Compare any two graphics cards:
GeForce GT 220 GDDR3 vs GeForce GTS 450 1GB
IntroThe GeForce GT 220 GDDR3 uses a 40 nm design. nVidia has set the core speed at 625 MHz. The GDDR3 RAM runs at a frequency of 1012 MHz on this model. It features 48 SPUs along with 16 TAUs and 8 ROPs.
Compare all of that to the GeForce GTS 450 1GB, which features a GPU core clock speed of 783 MHz, and 1024 MB of GDDR5 RAM running at 902 MHz through a 128-bit bus. It also features 192 SPUs, 32 TAUs, and 16 Raster Operation Units.
Power Usage and Theoretical Benchmarks
Power Consumption (Max TDP)
The GeForce GTS 450 1GB, in theory, should perform a lot faster than the GeForce GT 220 GDDR3 overall. (explain)
Texel RateThe GeForce GTS 450 1GB will be much (more or less 151%) better at texture filtering than the GeForce GT 220 GDDR3. (explain)
Pixel RateIf using a high resolution is important to you, then the GeForce GTS 450 1GB is superior to the GeForce GT 220 GDDR3, and very much so. (explain)
Please note that the above 'benchmarks' are all just theoretical - the results were calculated based on the card's specifications, and real-world performance may (and probably will) vary at least a bit.
Please note that the price comparisons are based on search keywords - sometimes it might show cards with very similar names that are not exactly the same as the one chosen in the comparison. We do try to filter out the wrong results as best we can, though.
Memory Bandwidth: Bandwidth is the max amount of data (counted in MB per second) that can be transferred past the external memory interface in one second. The number is calculated by multiplying the card's bus width by its memory clock speed. If the card has DDR type RAM, it must be multiplied by 2 once again. If DDR5, multiply by 4 instead. The better the memory bandwidth, the faster the card will be in general. It especially helps with AA, HDR and high resolutions.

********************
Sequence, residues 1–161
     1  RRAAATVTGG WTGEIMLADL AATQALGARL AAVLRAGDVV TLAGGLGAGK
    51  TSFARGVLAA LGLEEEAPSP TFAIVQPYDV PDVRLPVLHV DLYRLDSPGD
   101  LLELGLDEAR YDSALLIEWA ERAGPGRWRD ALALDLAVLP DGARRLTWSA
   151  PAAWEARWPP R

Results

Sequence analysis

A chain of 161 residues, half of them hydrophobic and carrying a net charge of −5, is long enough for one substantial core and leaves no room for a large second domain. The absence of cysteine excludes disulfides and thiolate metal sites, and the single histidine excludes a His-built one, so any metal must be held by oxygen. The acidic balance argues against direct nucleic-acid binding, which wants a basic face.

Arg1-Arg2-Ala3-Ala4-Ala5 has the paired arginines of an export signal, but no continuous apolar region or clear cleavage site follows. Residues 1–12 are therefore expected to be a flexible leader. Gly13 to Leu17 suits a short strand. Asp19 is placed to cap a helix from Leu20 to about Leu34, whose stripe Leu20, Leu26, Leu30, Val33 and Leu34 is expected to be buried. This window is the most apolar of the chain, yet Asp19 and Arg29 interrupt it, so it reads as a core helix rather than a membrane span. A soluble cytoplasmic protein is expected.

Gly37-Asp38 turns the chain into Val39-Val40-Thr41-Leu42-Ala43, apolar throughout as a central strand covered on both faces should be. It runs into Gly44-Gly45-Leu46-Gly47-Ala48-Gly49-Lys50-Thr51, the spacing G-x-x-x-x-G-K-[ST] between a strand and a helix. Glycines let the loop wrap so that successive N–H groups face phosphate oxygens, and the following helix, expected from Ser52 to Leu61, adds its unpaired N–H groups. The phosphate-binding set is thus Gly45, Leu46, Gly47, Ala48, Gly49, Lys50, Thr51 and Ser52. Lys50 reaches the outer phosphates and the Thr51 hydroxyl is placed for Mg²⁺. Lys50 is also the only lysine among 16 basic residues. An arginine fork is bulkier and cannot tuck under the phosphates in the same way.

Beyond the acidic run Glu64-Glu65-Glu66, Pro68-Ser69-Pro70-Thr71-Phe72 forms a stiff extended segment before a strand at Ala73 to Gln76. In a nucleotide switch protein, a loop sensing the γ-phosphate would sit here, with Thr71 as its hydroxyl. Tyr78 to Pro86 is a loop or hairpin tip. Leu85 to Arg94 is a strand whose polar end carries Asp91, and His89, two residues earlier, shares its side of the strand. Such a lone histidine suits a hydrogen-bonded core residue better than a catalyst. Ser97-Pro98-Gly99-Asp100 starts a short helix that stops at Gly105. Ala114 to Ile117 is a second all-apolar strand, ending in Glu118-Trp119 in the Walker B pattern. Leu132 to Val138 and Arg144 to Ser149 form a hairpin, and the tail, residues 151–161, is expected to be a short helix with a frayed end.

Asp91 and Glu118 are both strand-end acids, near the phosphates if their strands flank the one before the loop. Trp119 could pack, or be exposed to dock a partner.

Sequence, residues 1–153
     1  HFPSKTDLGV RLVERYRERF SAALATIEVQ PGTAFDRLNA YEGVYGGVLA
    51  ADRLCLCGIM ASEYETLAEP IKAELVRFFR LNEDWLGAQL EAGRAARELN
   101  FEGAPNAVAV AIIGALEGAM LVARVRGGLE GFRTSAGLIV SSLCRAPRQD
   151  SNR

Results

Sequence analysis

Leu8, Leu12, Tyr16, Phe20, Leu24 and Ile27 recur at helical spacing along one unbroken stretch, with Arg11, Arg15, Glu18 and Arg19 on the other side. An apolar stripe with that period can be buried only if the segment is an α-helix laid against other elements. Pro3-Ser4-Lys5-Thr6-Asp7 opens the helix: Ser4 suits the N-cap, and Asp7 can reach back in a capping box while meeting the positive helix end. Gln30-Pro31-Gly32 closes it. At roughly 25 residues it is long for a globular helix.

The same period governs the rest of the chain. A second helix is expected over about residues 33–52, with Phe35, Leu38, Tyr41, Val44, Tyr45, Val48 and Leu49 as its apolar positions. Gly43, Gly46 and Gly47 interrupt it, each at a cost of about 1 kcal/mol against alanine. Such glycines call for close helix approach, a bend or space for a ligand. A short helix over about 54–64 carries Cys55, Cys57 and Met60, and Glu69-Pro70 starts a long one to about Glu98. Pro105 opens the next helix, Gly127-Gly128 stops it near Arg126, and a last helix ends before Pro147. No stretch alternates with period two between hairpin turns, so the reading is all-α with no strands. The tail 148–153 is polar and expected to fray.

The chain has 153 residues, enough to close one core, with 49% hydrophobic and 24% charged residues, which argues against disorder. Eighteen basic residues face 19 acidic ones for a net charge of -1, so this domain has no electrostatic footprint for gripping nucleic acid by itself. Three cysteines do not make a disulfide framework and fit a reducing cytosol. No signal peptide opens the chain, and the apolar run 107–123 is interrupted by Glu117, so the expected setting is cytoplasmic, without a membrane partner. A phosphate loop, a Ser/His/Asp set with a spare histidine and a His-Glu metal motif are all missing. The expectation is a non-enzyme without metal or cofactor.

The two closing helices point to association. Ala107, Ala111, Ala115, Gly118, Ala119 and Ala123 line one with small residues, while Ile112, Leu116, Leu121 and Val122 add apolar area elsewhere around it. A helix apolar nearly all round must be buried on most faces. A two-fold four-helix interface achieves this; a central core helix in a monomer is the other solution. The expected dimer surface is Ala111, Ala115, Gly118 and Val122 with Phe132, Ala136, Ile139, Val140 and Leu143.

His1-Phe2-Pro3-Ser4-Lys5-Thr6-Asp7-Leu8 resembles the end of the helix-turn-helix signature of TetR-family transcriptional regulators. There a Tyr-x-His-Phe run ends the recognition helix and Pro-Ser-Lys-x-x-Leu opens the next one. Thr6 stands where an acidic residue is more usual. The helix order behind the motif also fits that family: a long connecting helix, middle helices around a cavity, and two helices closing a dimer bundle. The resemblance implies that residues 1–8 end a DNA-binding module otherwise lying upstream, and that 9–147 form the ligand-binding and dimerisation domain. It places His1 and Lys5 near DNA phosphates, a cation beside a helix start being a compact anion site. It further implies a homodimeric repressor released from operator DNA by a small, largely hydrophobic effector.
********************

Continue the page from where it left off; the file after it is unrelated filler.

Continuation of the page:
Texel Rate: Texel rate is the maximum number of texture map elements (texels) that can be applied per second. This is worked out by multiplying the total texture units by the core speed of the chip. The higher the texel rate, the better the video card will be at handling texture filtering (anisotropic filtering - AF). It is measured in millions of texels applied per second.
Pixel Rate: Pixel rate is the maximum amount of pixels that the graphics card could possibly record to its local memory in one second - measured in millions of pixels per second. The figure is calculated by multiplying the amount of colour ROPs by the clock speed of the card. ROPs (Raster Operations Pipelines - also called Render Output Units) are responsible for outputting the pixels (image) to the screen. The actual pixel rate is also dependant on quite a few other factors, most notably the memory bandwidth of the card - the lower the memory bandwidth is, the lower the potential to reach the max fill rate.